Monkeypox in Minnesota: 2 cases now confirmed

Digitally-colorized electron microscopic (EM) image depicting a monkeypox virion (virus particle), obtained from a clinical sample associated with a 2003 prairie dog outbreak, published June 6, 2022. The image depicts a thin section image from a huma (Photo via Smith Collection/Gado/Getty Images)

Two cases of monkeypox have been confirmed in Minnesota as of June 28, according to the Minnesota Department of Health

State health officials reported the first case of monkeypox in a Twin Cities adult on Monday. MDH says the first patient was likely exposed to monkeypox while traveling abroad. They are receiving outpatient care, and MDH is conducting contact tracing with local health partners to identify anyone who may be at risk due to direct close contact with the person while they were infectious. 

The condition of the person with the second case of monkeypox hasn't been released. 

"While the threat of monkeypox generally remains low, it’s important that everyone be aware of this disease, so that those at risk can seek medical care and get tested promptly if they believe they have symptoms," Minnesota Health Commissioner Jan Malcolm said on Monday. 

Health officials say monkeypox doesn't easily spread between people with casual contact, but transmission can happen through contact with infectious sores and body fluids, contaminated items (clothing, bedding), or through respiratory droplets from prolonged face-to-face contact, including sexual contact.

The CDC, as of June 24, has reported 201 cases of monkeypox/orthopoxvirus in 26 other U.S. states. More than 4,100 cases have been reported in 47 countries where the disease is not typically reported. Over the last month, MDH has been working with health care providers and community partners to promote awareness of monkeypox, including what symptoms to look for, how to test for it, and ways to help prevent transmission.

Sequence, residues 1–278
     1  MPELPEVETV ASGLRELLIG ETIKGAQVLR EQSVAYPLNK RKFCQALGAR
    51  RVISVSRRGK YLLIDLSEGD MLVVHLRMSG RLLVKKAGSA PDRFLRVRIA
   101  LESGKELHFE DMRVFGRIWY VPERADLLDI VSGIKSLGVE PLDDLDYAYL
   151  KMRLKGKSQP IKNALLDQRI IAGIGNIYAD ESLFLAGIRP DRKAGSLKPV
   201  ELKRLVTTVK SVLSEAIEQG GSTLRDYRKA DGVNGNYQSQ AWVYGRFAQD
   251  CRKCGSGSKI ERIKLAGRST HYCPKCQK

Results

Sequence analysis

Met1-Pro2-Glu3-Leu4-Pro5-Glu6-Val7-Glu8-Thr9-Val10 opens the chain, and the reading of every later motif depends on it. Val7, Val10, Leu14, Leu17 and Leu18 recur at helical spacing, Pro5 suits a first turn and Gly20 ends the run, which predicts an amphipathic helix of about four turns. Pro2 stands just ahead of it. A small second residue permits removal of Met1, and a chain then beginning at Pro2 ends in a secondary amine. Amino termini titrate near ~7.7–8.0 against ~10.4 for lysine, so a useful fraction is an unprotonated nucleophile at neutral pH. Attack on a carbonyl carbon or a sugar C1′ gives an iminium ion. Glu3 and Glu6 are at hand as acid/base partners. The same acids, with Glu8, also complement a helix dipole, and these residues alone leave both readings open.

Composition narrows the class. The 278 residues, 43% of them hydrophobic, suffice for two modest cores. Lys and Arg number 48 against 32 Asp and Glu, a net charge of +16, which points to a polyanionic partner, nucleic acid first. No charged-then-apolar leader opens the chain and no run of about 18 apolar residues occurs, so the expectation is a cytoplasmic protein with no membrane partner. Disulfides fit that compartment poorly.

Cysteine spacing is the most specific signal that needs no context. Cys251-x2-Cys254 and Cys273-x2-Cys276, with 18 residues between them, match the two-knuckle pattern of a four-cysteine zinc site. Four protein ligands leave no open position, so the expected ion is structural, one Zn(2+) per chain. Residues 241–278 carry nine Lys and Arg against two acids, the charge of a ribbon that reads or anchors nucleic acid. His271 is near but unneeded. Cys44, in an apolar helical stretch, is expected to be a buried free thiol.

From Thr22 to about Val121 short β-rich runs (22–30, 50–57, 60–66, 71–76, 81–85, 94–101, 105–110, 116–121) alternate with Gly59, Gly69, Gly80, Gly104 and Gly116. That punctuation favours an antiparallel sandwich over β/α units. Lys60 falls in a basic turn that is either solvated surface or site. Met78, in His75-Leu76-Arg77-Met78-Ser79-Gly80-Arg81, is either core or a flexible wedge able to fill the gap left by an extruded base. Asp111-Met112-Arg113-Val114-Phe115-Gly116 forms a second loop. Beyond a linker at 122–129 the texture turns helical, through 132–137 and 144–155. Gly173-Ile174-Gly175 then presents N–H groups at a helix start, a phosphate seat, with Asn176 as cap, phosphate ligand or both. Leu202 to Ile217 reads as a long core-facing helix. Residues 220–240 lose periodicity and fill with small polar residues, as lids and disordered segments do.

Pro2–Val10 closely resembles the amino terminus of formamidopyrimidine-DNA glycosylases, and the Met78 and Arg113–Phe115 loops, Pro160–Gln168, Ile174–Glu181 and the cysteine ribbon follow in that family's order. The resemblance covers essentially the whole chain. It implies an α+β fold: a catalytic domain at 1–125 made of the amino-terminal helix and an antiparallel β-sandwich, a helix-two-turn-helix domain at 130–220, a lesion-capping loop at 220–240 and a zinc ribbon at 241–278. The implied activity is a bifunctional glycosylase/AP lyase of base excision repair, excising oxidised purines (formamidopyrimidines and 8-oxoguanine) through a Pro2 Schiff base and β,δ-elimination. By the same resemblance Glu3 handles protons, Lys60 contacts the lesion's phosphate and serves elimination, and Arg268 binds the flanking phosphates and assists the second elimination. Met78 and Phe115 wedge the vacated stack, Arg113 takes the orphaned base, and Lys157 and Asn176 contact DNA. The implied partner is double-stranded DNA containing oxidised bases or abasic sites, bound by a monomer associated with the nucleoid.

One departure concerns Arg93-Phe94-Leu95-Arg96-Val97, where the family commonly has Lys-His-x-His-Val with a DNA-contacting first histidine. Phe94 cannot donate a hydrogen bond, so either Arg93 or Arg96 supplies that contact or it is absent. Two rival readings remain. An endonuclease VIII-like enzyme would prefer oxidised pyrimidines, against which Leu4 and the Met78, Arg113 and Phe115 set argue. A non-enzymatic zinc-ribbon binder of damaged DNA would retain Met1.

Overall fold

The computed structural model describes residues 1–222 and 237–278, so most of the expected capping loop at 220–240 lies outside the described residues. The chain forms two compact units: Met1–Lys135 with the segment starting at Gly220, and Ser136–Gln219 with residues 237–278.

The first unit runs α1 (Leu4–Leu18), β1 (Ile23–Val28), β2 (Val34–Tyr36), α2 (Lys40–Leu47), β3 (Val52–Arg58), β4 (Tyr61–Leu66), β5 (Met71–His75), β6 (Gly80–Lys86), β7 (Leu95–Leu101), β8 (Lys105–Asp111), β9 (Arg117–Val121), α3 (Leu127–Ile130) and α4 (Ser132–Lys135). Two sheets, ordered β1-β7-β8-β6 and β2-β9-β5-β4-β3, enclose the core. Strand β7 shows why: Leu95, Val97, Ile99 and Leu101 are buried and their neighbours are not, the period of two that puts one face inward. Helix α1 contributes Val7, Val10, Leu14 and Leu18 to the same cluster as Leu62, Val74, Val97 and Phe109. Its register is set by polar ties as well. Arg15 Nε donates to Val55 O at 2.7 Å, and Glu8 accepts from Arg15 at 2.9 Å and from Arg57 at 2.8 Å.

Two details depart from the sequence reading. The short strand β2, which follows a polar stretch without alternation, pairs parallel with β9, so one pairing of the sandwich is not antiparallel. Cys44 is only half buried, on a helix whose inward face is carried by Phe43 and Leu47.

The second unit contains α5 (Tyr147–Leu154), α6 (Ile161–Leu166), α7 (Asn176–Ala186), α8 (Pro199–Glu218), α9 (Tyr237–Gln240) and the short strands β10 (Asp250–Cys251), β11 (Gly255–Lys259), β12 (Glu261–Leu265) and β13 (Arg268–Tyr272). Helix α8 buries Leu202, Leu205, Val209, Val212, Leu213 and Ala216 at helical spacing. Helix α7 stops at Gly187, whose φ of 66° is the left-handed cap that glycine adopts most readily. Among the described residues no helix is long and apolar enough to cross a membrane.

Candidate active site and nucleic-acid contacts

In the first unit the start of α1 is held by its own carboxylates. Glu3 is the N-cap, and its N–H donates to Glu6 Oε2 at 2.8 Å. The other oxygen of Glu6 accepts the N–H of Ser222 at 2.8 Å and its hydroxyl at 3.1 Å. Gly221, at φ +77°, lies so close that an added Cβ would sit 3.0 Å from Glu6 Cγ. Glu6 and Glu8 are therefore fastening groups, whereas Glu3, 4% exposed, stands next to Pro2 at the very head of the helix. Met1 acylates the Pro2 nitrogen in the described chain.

Symptoms of monkeypox

RELATED: What is monkeypox?

The symptoms of monkeypox can include fever, headache, muscle aches, swollen lymph nodes, and a rash that can look like pimples or blisters. In this outbreak, some individuals have had a rash only and no other symptoms, and sometimes the rash consists of only a few sores. The rash can occur in the mouth, and there may be sores in the genital and anal areas. In other cases, a rash may be on the face and on other parts of the body. 

The illness typically lasts two to four weeks and most people get better on their own without treatment. However, sometimes monkeypox can cause scars from the sores, lead to pneumonia, and in rare cases even be fatal. 

People who have monkeypox can spread the virus from the time symptoms start until the rash has fully healed and a fresh layer of skin has formed.

Preventing spread of monkeypox

MDH says to prevent the spread of monkeypox, people should: 

  • Practice good hand hygiene. For example, washing your hands with soap and water or using an alcohol-based hand sanitizer.
  • Minimize skin-to-skin contact with individuals who have been exposed to the virus or to those showing a rash or skin sores.
  • Avoid contact with any materials, such as bedding, that has been in direct contact with someone with monkeypox.
  • Reach out to a health care provider if you develop symptoms, as early recognition and testing can help prevent further transmission.

The need for a vaccine or antivirals is being evaluated on a case-by-case basis, in consultation with the CDC. The CDC doesn't recommend broader use of the vaccine at this time. 

Here is MDH's monkeypox website